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GHS Newbie

Discussion in 'Strings [BG]' started by MycooLeeyun, Jul 14, 2018.


  1. I usually use DR's (Fat beams 45-105) on my g&l jb2. I play mainly finger style. I want to try a new set of strings. I've heard good things about GHS strings and was wondering which set is a good place to start with GHS. I like a fat, round, tone with nice attack and zing. Also, I've been thinking about upping the gauge a bit. Sometimes it feels like I'm owning the strings and I need a little more resistance out of them. I've also been debating on a set of Kaliums but I need this set on my bass before a gig on the 20th.

    What do you guys think?
     
    ProgressiveDoom likes this.
  2. ZuluFunk

    ZuluFunk Supporting Member

    Apr 14, 2001
    Pennsylvania
    Look at a heavier gage DR? Also, if you go with a heavier gage, you may need to re-slot your nut, adjust your bridge, and intonate.

    Leave time for that.
     
    Aqualung60 likes this.
  3. AddicLee

    AddicLee

    Apr 27, 2018
    +1
    [​IMG]
     
  4. The Boomers 45-105 would be a good place to start, although they're more for the "fat round tone with a nice attack" than the "zing".

    By the way, don't listen to those who try to keep you on the dark side. ;) You made the right move by choosing GHS! :thumbsup:
     
  5. What's your experience with playing with heavier gauge strings? I've always played it safe with the 45-105's. What kind of differences can one expect?
     
  6. Cool! I've heard a lot of great things about GHS but am always afraid of change.
     
    Spidey2112 likes this.
  7. Trust me, I've been on the dark side before. I like it better on this side. Fear not. ;):D
     
    Linnin and MycooLeeyun like this.
  8. ZuluFunk

    ZuluFunk Supporting Member

    Apr 14, 2001
    Pennsylvania
    Less fret buzz. Quicker response. Less bending, of course.

    I use 50-110 on some basses. DR makes Pure Blues nickel rounds at that gage.
     
    MycooLeeyun likes this.
  9. Thanks a lot for that info
     
  10. All I know is that every time I had a new set of GHS Boomers on my bass, (1984 maybe) they were dead before the gig was done.
     
    Seanto likes this.
  11. "Dead" as in "no more zing". The Boomers are not designed for zing lovers.
     
    dagrev and Arthur U. Poon like this.
  12. Spidey2112

    Spidey2112

    Aug 3, 2016
    I feel you... this may help... try emulating your inner Billy Joel, singing to your current set of strings...

     
    Aqualung60 and BrentSimons like this.
  13. First, let me ask you if you want to stick to stainless steel roundwounds? If so, GHS Super Steels would be your choice. If not, Alloy 52 has good tone and a nice feel. GHS Progressives are worthy of consideration. For NPS roundwounds, GHS Bass Boomers are the go anywhere and play anything Swiss Army Knife of bass strings. Plus they are available in a heavy 50-115 set.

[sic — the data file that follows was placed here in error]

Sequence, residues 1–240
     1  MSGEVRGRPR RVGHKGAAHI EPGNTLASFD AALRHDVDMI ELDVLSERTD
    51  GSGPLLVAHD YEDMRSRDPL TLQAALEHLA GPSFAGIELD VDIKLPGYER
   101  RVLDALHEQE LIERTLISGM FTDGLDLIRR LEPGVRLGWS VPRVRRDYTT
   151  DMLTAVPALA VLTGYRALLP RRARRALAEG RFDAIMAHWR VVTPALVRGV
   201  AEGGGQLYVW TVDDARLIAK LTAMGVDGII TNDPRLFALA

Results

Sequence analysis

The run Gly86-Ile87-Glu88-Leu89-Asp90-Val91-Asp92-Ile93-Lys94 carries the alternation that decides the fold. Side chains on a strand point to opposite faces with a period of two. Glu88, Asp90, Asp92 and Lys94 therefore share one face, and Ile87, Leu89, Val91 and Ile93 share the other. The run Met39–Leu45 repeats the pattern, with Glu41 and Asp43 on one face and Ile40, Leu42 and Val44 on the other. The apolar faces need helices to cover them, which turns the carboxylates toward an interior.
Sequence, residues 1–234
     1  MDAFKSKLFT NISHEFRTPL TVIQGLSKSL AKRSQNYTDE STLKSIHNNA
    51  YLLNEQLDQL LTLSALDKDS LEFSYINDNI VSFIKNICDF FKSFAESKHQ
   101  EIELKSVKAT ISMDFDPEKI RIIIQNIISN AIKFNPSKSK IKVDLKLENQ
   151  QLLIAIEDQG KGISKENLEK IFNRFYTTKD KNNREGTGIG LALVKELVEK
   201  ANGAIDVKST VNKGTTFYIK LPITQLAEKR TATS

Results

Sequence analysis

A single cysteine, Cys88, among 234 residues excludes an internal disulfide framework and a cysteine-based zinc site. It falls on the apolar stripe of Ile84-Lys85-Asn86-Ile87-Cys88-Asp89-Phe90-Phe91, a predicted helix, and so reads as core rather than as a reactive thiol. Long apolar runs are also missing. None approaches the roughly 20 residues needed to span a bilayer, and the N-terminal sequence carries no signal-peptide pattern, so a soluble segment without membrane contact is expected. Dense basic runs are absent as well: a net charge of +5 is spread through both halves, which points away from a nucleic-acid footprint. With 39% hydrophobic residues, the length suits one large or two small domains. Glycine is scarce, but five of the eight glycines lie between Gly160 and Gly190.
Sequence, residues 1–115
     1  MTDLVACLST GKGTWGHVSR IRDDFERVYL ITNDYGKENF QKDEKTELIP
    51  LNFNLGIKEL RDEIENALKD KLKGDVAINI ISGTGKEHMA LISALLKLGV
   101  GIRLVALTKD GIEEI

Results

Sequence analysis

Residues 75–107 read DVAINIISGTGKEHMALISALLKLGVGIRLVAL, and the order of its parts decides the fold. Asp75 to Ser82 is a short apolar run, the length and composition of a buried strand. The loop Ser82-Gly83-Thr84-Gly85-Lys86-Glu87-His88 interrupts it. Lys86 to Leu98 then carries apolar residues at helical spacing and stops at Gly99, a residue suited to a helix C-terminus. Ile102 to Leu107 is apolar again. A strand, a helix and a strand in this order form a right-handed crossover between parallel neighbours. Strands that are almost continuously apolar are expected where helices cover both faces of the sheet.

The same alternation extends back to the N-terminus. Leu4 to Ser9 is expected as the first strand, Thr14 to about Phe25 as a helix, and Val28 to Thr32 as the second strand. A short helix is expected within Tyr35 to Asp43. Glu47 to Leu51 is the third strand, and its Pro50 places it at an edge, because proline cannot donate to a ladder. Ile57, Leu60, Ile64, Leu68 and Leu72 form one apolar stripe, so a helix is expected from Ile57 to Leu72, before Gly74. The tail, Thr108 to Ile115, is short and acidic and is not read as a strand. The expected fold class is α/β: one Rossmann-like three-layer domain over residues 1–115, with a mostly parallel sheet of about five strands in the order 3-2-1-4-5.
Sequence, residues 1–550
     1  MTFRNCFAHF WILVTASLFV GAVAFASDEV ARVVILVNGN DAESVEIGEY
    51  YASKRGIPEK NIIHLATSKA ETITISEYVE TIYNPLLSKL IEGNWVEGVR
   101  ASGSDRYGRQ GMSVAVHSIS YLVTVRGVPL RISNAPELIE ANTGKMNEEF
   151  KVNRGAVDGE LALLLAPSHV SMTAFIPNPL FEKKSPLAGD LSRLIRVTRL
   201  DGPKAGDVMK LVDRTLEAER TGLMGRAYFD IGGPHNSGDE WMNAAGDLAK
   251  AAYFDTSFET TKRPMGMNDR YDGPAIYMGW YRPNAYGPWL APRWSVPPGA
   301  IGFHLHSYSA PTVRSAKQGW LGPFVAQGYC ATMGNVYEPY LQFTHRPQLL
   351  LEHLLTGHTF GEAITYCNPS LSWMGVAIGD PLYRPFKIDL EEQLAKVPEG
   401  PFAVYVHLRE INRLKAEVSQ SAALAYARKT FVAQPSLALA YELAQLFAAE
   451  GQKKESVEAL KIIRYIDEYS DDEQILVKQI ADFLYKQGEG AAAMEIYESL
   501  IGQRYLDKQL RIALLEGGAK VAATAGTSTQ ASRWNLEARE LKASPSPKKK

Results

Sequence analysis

michael_t likes this.
  14. howlin

    howlin

    Nov 15, 2008
    I'm Not There
    GHS = Pressurewounds in my book. YMMV. :smug:
     
    dagrev, Kukulkan61, michael_t and 3 others like this.
  15. Arthur U. Poon

    Arthur U. Poon

    Jan 30, 2004
    SLC, Utah -USA-
    Endorsing Artist: Mike Lull Custom Basses
    I've been a longtime Boomers and Brite Flats user, and Pressurewounds are my favorite strings made. However, IMO there's not a lot of "Zing" to be had from these three sets.

    Looking at GHS' "Brightness Bar" Progressives and Super Steels are their brightest sounding sets, but I've never tried either. Hopefully someone who has tried DR Fat Beams, GHS Super Steels, and/or GHS Progressives will chime in with their thoughts.

    Let's page @TonyP- . He endorses GHS Strings, and uses GHS Progressives. Let's hear his thoughts :thumbsup:
     
  16. StrangerDanger

    StrangerDanger Supporting Member

    Jan 3, 2010
    Not necessarily. I’ve gone from 40-100 to 60-115 and all I had to do was tighten the truss rod.
     
  17. MrLenny1

    MrLenny1

    Jan 17, 2009
    N.H.
    I've been using GHS Boomers Med gauge for years.
    Recently went with their Med/lights which are nice also.
     
    Arthur U. Poon likes this.
  18. Seanto

    Seanto

    Dec 29, 2005
    RVA
    It's been so many years since i used GHS, but back when i started bass they seemed like the budget option for strings. Significantly less expensive than other brands and if i recall correctly, possibly more prone to breakage. Is there any truth to that, or has the brand evolved over the last 15 years? I see alot of folks that love them so trying to set my mind straight.

    Edit: Looking at their prices now, the price point is fairly in line with other brands.
     
  19. Beendown139

    Beendown139

    Jul 4, 2018
    Back in the old days, I'd use GHS boomers as a low cost alternative to rotosound swings on my mid-70's P-bass. They sounded almost as good, but they'd go dead quicker. I'd revive them by boiling them in water for a couple of minutes (does anybody still do that?) and get another coupla nights out of them. It all depended on when our next gig was and if I'd get enough $$$ to get a new set of strings outta the deal.
    BTW, very few things beat the sound of a new set of rotosounds on an old precision bass - that is, if you're into that sorta thing.
    These days there doesn't seem to be that much cost difference, so it's rotosound swings for the princess...
     
  20. grimjim

    grimjim

    Jan 26, 2014
    Chicago, Illinois
    Endorsing artist;DNA Amplification, GHS strings
    Always been a boomers guy.
     
    Arthur U. Poon likes this.

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